I love shooting architecture. I suppose it’s the symmetry that draws my eye to it. And when you add a pop of color, I’m *really* drawn to architecture. Such is the case with this door that we found in the town of Dingle. It’s a small town but crammed full of pubs, shops, and houses close by each other. Although there are plenty of pretty sights, this door popped out because of its paint scheme. Enjoy!
My favorite part of our trip to Ireland was our time on the Dingle Peninsula. It was everything that I hoped Ireland would be and more. The scenery was beautiful, the music was enchanting, the people were friendly, and the food was plentiful and tasty. I can’t imagine having a better time. I only wish that we could have stayed there for a week or more.
Our stay was made even more perfect by the hotel we stayed in. The Castlewood House is one of the best hotels I’ve ever stayed in. It’s either a large B&B or a small hotel. In either case it’s a perfect place to stay. The owners were helpful without being overly inquisitive. The breakfasts that we had there were some of the best I’ve had in my life. The rooms were modern and yet filled with antiques. All that and the walk to “downtown” Dingle was maybe five minutes. I can’t recommend Castlewood House highly enough.
This image was made just after dinner and just before the live music began in the pub we were in that evening. I kept looking up from our table to see how the light was looking. My long-suffering wife shooed me out of the restaurant knowing that I wouldn’t enjoy the music if I had missed the sunset. I spent twenty or thirty minutes taking in the show as the clouds turned cotton candy pink above Dingle Harbor. This image is a bit soft but it gives a glimpse of the pretty little town and harbor of Dingle. Enjoy!
I love to create new, fresh images. But, I must admit, I also am attracted to classic locations that have been captured hundreds and thousands of times. Today’s image is in the latter category.
I didn’t just stumble onto this scene. In fact, if you search for Peacham and Photograph on the internet, you can find dozens of shots very similar to this one. I’ve even shot it before on at least two different occasions. But, that doesn’t diminish the fact that this is a classic New England scenic that captures a once typical quaint New England town.
The image contains all the elements of a classic New England village. White steepled church? Check. Red barn? Check? Fall foliage surrounding village? Check. Rolling rugged hills? Check? If you look closely, you can see that there are also a few cars parked at the church. That’s not classic New England village. Unfortunately, on the day I was in Peacham, there was a fall festival going on and people were parked all over the village. Fortunately for me, the view from the hillside didn’t include most of the activity going on that day.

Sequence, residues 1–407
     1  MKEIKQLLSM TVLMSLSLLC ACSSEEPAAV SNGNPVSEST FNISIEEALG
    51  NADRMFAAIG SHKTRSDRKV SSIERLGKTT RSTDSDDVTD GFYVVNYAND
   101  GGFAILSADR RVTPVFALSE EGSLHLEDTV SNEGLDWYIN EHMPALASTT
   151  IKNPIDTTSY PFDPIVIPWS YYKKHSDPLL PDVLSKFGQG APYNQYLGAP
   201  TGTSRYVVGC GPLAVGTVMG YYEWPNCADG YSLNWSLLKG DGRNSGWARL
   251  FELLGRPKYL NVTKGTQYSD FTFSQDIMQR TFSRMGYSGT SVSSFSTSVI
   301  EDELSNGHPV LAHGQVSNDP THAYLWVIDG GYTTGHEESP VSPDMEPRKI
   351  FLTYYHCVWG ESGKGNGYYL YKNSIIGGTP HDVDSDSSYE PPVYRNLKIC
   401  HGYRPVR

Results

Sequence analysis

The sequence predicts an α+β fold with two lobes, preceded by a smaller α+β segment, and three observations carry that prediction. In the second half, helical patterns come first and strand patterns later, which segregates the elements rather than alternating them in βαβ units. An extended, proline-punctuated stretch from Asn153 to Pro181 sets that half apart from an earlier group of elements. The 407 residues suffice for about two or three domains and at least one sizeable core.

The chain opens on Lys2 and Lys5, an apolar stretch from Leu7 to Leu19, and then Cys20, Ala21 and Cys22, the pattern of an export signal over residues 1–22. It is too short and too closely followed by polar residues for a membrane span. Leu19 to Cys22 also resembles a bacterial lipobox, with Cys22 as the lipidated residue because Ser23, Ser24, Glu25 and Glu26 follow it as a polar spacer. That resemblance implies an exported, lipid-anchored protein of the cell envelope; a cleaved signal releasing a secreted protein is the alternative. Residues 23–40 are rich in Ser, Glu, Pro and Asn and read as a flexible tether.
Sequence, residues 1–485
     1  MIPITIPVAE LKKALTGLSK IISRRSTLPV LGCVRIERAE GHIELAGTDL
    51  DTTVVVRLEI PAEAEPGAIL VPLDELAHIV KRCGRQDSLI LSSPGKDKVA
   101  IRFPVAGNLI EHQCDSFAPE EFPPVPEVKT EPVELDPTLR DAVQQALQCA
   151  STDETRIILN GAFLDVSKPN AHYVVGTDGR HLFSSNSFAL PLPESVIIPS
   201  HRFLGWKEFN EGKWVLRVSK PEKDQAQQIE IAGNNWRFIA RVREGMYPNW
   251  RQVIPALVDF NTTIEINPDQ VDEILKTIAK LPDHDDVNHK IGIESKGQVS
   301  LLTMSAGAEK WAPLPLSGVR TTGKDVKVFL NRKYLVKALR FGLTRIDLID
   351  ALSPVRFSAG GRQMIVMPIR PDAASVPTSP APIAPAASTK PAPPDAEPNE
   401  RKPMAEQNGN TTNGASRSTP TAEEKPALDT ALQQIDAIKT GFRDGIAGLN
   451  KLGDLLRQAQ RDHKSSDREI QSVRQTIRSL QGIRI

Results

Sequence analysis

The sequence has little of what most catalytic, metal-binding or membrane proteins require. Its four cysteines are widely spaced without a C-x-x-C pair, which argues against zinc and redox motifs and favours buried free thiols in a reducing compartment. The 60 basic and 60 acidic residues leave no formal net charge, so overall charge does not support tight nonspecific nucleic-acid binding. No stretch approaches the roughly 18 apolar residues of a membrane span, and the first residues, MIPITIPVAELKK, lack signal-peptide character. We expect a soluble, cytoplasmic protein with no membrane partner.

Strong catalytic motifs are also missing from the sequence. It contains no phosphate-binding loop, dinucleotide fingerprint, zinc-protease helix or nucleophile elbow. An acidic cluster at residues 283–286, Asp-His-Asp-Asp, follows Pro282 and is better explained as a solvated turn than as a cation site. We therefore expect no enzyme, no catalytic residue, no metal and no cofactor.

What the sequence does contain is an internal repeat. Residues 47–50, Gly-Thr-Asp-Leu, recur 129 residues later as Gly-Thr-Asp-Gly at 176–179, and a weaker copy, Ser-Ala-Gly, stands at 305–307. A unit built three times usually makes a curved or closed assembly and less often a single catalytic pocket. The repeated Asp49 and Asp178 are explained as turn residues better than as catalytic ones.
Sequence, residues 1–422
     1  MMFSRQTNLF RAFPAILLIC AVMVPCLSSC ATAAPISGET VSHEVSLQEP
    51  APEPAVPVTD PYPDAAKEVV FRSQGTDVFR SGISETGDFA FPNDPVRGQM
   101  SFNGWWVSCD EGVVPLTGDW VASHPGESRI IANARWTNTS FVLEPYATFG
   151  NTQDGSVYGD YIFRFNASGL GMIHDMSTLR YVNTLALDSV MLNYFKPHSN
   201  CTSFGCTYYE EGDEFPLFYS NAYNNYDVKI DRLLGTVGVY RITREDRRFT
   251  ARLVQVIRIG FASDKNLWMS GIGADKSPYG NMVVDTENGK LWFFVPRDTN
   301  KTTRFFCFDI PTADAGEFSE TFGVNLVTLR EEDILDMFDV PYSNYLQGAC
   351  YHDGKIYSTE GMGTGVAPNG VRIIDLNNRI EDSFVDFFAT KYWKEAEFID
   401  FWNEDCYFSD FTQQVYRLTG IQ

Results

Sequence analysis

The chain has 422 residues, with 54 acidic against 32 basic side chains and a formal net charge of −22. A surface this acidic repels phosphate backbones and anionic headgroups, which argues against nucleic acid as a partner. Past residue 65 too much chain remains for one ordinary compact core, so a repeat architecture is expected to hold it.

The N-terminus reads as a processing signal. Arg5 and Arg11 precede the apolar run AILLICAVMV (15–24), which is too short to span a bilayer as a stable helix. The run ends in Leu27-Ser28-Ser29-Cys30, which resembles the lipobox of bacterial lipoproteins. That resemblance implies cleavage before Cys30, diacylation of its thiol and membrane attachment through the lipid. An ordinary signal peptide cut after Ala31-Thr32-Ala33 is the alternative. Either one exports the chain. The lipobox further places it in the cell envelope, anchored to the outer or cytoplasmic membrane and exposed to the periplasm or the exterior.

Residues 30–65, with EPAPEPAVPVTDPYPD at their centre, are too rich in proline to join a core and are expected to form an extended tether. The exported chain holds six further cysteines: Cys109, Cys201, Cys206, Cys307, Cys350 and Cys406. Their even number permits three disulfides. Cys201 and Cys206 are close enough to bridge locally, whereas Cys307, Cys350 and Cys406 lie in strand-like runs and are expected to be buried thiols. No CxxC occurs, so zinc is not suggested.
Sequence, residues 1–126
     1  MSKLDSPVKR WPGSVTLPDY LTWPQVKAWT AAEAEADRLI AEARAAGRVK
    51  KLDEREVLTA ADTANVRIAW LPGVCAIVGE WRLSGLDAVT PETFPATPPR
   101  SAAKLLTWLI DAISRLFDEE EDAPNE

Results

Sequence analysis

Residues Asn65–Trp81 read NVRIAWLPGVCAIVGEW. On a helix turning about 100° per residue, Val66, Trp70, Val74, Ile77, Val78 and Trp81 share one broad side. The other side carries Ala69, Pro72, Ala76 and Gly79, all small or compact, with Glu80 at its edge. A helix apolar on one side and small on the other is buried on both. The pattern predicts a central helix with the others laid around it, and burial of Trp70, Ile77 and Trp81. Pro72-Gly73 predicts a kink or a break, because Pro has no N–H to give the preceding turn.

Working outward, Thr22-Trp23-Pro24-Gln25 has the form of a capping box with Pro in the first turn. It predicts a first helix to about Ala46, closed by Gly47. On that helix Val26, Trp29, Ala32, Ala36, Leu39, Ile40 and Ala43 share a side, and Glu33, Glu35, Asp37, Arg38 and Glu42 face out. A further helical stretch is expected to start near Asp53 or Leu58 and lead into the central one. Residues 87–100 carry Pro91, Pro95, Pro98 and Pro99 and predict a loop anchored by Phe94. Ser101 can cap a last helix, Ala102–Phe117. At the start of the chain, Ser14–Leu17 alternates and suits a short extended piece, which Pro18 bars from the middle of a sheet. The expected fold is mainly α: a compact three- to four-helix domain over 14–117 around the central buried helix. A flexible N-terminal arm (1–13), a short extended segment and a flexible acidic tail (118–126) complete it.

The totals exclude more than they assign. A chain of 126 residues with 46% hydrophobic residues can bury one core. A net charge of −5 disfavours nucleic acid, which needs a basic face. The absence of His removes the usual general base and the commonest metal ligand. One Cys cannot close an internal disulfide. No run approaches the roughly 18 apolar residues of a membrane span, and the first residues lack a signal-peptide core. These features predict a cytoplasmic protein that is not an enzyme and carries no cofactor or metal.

I hope you enjoy the image. You definitely should visit Peacham if you find yourself in north central Vermont. It’s a lovely little town and a slice of rural New England that is quickly vanishing. Enjoy.
Truth be told, this post is more about the trip to Stonington than it is about Stonington itself. Now, don’t get me wrong. Stonington is a lovely little fishing village, but it wasn’t all that it was built up to be. Let me explain.
Part of my research for the trip was accomplished by purchasing a couple of books on the Maine coast and Acadia National Park. The author was spot on in most of his recommendations regarding locations to visit. In fact, he was so reliable that we began to take his word as gospel. That was the case with Stonington. You see, the primary target for our trip was Acadia National Park. We wanted to make sure that we spent enough time there to ensure that we captured all of the sights properly. Everything else was secondary. Based on our dear author’s recommendation, Stonington rose to the top of the list of other sites to photograph on the Maine coast. To read his review Stonington was the be all to end all harbor on the Maine coast. The Camelot of our journey. The shining light on a hill.
Unfortunately, it didn’t work out that way. We left our hotel just outside of Acadia and began the drive to Stonington. Our plan was to make it to the harbor at daybreak and see the lobster fleet heading out for the day. Sadly, we misjudged the distance to the town and the quality of the roads. What looked to be a 30 to 45 minute trip actually took us two hours. The sunrise was indeed spectacular, but on the particular stretch of road we were on, we simply couldn’t find a vantage point to photograph it. Still, we thought, Stonington is ahead. Everything will be better when we get to Stonington.
Along the way, we saw coffee shops and bakeries that we could have stopped at to assuage our hunger and thirst. No, we can’t stop though. We must make our way to the mythical Stonington. So, on we drove through beautiful countryside and along winding roads. Finally we arrived at Stonington. There was only one problem. The sun had risen. The fleet had made its way out to sea for the day. All that was left was a lovely little village around a nice little harbor. One lonely fishing boat remained in the harbor. Had it broken down? Was its captain sick that day? We’ll never know. Fortunately, the morning light was still soft and lit the boat up nicely. The water was still calm enough that a bit of reflection remained as well. So, I got a lovely photograph for my efforts, but not the target-rich photographic environment that I had anticipated. In fact, I was disappointed. Stonington, though lovely, was not nearly as pretty as Corea or Rockport.
As I said at the beginning, the real story was the road to Stonington, not the village itself. As is frequently the case, it just means that Stonington is on my list of places to visit again in the future. Hopefully, the next visit will yield more results.